Catholic Charities West Michigan will remain open after state officials agreed under court order to pay the nonprofit's attorney's fees and acknowledged that taking actions against the charity for its beliefs would violate the First Amendment.
Catholic Charities prioritizes placing children up for adoption or in foster care with a married mother and father. The group filed a lawsuit with the Alliance Defending Freedom (ADF) after Michigan officials gave the nonprofit the ultimatum to either close its adoption and foster care ministry or change its policy prioritizing a married mother and father to receive a child.
Michigan Department of Health and Human Services on Monday agreed to pay Catholic Charities $250,000 in attorneys fees and costs associated with the lawsuit, the ADF announced.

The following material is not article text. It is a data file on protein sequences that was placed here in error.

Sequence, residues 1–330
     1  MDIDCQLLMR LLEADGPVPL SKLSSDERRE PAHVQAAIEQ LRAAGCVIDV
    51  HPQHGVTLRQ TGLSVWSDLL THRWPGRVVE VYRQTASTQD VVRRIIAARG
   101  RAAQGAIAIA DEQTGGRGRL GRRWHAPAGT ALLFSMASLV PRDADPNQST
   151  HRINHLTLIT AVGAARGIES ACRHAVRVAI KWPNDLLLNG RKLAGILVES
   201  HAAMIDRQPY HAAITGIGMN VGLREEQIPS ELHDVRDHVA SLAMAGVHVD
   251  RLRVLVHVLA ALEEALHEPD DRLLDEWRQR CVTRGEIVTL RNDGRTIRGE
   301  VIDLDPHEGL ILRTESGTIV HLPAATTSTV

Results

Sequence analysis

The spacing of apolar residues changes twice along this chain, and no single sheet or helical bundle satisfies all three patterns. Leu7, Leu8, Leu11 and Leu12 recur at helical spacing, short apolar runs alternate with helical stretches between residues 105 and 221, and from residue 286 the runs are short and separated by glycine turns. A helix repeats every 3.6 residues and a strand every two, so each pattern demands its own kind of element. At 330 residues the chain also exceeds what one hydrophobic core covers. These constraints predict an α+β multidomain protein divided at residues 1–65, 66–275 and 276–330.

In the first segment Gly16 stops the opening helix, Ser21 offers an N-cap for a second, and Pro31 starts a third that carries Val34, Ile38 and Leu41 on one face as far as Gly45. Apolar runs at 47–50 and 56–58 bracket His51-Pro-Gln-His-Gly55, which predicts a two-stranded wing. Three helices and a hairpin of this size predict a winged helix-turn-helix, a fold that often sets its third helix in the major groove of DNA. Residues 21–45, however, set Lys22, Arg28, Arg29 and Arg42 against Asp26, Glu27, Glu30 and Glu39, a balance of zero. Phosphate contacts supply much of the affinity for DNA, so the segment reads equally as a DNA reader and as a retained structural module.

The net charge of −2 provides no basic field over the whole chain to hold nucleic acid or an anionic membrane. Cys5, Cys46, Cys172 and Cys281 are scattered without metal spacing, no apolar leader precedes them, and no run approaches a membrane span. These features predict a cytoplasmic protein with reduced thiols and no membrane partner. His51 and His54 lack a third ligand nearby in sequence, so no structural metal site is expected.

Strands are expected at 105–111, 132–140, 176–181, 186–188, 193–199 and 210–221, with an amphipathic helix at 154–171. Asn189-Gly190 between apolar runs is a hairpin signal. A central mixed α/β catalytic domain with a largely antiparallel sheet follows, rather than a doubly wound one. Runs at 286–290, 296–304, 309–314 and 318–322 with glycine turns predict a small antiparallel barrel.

The agency also conceded in court that it cannot take adverse actions against the nonprofit for not approving a same-sex or unmarried couple for foster care or adoption.
"More adoption and foster care providers mean more children have the chance to be adopted or cared for by a foster family," ADF Senior Counsel Jeremiah Galus said in a press release.
"Catholic Charities West Michigan meets a critical need as one of the region's largest social service providers, reuniting children with their birth parents and placing foster kids in loving homes," Galus said. "We are pleased Catholic Charities can continue its vital mission serving vulnerable families in Michigan without being punished by the government simply because it's operating according to its religious beliefs — the very reason the ministry exists in the first place."
The western Michigan nonprofit helps more than 30,000 people annually and has placed about 4,500 children in homes, the ADF said.
When the lawsuit reached a settlement earlier this month, Michigan's Department of Health and Human Services announced that it would create a new task force "to support LGBTQ+ families who want to adopt or foster children."